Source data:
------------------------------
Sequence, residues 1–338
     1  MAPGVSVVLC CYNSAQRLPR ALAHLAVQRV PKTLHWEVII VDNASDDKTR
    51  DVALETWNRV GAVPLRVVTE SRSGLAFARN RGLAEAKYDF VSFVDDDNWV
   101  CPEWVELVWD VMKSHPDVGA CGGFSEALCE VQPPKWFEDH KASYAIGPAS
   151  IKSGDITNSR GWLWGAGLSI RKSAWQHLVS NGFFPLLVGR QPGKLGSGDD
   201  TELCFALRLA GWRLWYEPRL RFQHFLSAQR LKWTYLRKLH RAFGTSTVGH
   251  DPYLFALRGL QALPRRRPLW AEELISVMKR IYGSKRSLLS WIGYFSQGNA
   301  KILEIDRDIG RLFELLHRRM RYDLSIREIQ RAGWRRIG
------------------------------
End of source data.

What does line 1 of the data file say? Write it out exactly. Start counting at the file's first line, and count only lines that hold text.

Sequence, residues 1–338